Ranking: #81/111

Director: Elia Kazan (USA)

Genre: Socio-Psychological Drama

East of Eden shows the power of cinematic story-telling at its most intense, especially as some of the actors, including James Dean, were operating at the peak of their powers of expression.

The film is both a pastoral period drama, set during World War 1 in Monterey California and the Salinas Valley and an intensely psychological social drama. In a way, it’s a Film Noir drama disguised in rich WarnerColor and Cinemascope.

The film features what is probably the best role James Dean played in his short career. He is Cal, the younger son of a remote, rather pious father, Adam Trask, who favours his other son, Aron. In the almost primordial rivalry between the two brothers, there are biblical overtones of the story of Cain and Abel. With his magnetic screen presence, Dean was able to carry much of the meaning, tone and narrative tension upon which the film’s impact depended.

Based on John Steinbeck’s 1952 novel with the same title, the screenplay positively bristles with scenes of emotional conflict. In the hands of one of American cinema’s most accomplished directors, Elia Kazan, the story has enough elemental power and meaning to become like a modern biblical parable. 

Kazan skilfully uses the mercurial Dean, cast as the black sheep of the family, as a narrative catalyst. The youngster is a troubled soul, subject to explosive outbursts, whose wild persona belies a tenderness and emotional fragility deep inside him. It is through his search to find his biological mother, who runs a seedy brothel in a small, nearby town, that Cal breaks open the façade of self-righteousness and piousness carefully upheld by his father in the household. This enables the film to ask the really searching questions about the reality behind the family façade, finally unearthing the truths that have been hidden for so long. It is Cal, too, with his heart-cries of “It’s awful not to be loved” and “I’ve been jealous all my life”, who forces his father to confront his failings as a father. The patriarch’s favouring of Aron has led to constant pain for Cal, who only ever wanted his distant father’s approval and acceptance.  He reaches a point of despair. And Dean has the acting skills to portray this conflict with his father and, ultimately, their reconciliation, with effortless genuineness.  Interspersed with the explosive scenes are moments that are deeply touching and gentle.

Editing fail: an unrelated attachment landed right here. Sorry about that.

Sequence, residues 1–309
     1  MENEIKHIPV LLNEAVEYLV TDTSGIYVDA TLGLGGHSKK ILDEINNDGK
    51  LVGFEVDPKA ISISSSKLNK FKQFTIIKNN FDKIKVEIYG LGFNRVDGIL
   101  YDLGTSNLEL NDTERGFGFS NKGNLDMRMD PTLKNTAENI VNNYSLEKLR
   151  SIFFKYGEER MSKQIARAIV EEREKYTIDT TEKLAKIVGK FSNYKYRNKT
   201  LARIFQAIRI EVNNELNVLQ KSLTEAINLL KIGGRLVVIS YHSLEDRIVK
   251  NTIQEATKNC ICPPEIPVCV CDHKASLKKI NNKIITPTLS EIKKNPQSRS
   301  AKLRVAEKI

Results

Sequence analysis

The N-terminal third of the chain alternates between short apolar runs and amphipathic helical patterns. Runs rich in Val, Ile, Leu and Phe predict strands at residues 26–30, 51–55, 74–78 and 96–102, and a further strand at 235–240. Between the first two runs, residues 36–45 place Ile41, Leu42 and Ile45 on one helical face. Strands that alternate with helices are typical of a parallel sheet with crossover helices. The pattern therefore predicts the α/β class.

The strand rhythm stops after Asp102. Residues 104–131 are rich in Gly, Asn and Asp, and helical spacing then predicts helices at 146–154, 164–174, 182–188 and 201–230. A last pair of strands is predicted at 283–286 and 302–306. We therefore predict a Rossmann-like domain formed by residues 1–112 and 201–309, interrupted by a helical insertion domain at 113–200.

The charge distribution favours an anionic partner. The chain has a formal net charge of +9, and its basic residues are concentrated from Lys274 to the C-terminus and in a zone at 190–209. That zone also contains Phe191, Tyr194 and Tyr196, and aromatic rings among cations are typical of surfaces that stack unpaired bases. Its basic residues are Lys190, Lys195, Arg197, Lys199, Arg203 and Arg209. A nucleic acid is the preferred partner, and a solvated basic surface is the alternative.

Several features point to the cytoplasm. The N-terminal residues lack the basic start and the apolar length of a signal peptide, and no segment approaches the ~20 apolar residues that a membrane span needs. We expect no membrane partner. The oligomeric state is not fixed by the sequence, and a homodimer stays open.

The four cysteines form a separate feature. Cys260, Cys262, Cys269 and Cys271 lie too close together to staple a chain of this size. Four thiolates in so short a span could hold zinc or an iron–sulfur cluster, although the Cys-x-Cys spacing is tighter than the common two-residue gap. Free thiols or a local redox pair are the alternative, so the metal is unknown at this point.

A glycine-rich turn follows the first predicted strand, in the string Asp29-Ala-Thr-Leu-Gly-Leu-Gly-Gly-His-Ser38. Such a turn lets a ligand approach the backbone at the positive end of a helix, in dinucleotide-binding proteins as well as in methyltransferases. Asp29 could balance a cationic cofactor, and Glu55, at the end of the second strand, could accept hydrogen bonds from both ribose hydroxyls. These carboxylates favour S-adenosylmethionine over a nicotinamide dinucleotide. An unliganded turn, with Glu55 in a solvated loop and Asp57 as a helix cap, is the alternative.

And the contrast between the two brothers is vividly sketched. While Aron is mild-mannered and self-confident, Cal is wild-mannered and emotionally torn up. While Aron is the apple of his father’s eye, Cal is the distrusted and volatile younger son. And while clean-cut, obedient Aron seems to embody the promise of the American Dream, Cal embodies an American Dream gone awry, which has lost its way through excessive materialism and a lack of real love.

Kazan skilfully weaves the war in Europe into the narrative, without even showing any footage of the conflict. Firstly, Cal is able to show his true entrepreneurial spirit by investing in beans which he has been told will shoot up in price due to increased demand arising from the war. After his father has lost money in investing too early in refrigeration for transporting lettuce, Cal is determined to give him the proceeds of his investment, another sign of his filial love. Secondly, there is a growing anti-German sentiment which rises to the surface in town during the period of the war. And, thirdly, when Cal shatters the façade of his brother’s life by taking him to see his mother, whom the father has always maintained had died, Aron takes the radical step of enlisting in the army. Their father goes into shock when he finds out his favourite son is leaving to take part in the war, and this shock brings on a stroke. With Aron gone, Cal nurses his father lovingly. A dysfunctional family, which had buried the shame of the breakdown of the parent’s marriage and denied the existence of the mother for years and years, has been split apart, with only one half finally made whole.

What I love about this film is the way it embeds its powerful themes in detailed and evocative interior and exterior settings and in superbly controlled acting, exemplifying the essence of drama. And what I love even more is Kazan’s commitment to moral authenticity. All of this must have made John Steinbeck himself very proud when he saw his novel come alive with such unstoppable power.